From Executive Director Aaron Grizzell
In the tragedies of the past ten days, our nation has witnessed a shocking sense of itself that brings us face-to-face again with a stark choice: will we act in fear or in hope?
Will we retrench back into the isolated corners that make a unified community an unrealizable dream? Or will we instead tackle the difficult work this moment demands and strive to truly become the nation we profess to be?
Fear is powerful. It can lay bare a fatalism that often creates delusions of righteousness which ensnare our better selves into believing that violence can yield progress, order or harmony. But hope is a strength that does not waver. Rather, it moves us to confront uncomfortable truths and hard realities in constant action toward justice, love and peace.
It is this hope that moved Dr. King, Hon. John Lewis and a determined people in Selma, Alabama, to brave the injustice of state-sanctioned violence to capture the heart of a nation and world and move us toward a more just society under law through the signing of the 1965 Voting Rights Act. And it is this same hope that inspires our youth today to reach for a brighter future by leading demonstrations against injustice.
These actions can at times feel uneasy and difficult. For they speak to the suspended tension between the pain of perceived and documented economic, social and policing disparities in communities of color, the aspiration for a better future, and the efforts at expressing this pain and aspiration peacefully in the public square. It is the voicing of the desire for a ‘more perfect union’.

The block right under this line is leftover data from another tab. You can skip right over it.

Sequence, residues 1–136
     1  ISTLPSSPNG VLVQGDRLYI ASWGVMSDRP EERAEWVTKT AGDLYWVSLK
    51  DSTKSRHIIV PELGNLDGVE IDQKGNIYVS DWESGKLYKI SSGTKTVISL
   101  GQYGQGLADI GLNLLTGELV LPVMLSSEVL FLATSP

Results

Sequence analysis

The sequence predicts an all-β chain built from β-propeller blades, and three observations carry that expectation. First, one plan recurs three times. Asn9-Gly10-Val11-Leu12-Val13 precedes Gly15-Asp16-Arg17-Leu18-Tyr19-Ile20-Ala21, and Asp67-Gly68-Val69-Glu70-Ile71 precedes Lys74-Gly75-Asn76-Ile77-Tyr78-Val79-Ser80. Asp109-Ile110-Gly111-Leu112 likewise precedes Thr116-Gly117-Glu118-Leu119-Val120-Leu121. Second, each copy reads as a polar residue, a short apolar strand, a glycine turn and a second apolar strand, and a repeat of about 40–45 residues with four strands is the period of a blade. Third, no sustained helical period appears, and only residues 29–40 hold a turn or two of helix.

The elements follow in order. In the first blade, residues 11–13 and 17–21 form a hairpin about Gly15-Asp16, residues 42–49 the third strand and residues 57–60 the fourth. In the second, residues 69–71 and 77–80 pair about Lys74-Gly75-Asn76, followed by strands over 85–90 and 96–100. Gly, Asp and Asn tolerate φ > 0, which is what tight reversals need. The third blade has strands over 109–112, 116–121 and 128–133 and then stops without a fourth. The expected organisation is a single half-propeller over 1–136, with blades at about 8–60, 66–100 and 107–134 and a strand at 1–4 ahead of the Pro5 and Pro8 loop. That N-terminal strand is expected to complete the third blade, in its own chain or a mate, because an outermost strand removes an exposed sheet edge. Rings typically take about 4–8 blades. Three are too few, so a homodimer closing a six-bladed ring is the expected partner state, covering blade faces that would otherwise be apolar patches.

So, when fear beckons for a return to a past rife with submerged tensions of racial and social intolerance, let us act by reaching toward our best selves and confronting these deep insecurities that stain the American fabric, understanding that “[w]e are tied together in the single garment of destiny, caught in an inescapable network of mutuality. And whatever affects one directly affects all indirectly. For [we] can never be what [we] ought to be until you are what you ought to be.”1
The recent events give us another opportunity to come to terms with these most pernicious problems harnessing the American ethos. And we mustn’t miss this chance to address them for fear of the future.
So, let us all act in hope.
For “deep in my heart, I do believe, we shall overcome….”2
1. Martin Luther King Jr., Letter from Birmingham Jail, April 16, 1963.
2. From the Civil Rights Era song “We Shall Overcome.” Lyrics penned by Zilphia Horton in 1947. The song was derived from the 1930’s gospel favorite entitled “If My Jesus Wills”, written by Louise Shropshire. For more detail see http://weshallovercome.org, http://www.npr.org/2013/08/28/216482943/the-inspiring-force-of-we-shall-overcome, https://en.wikipedia.org/wiki/We_Shall_Overcome.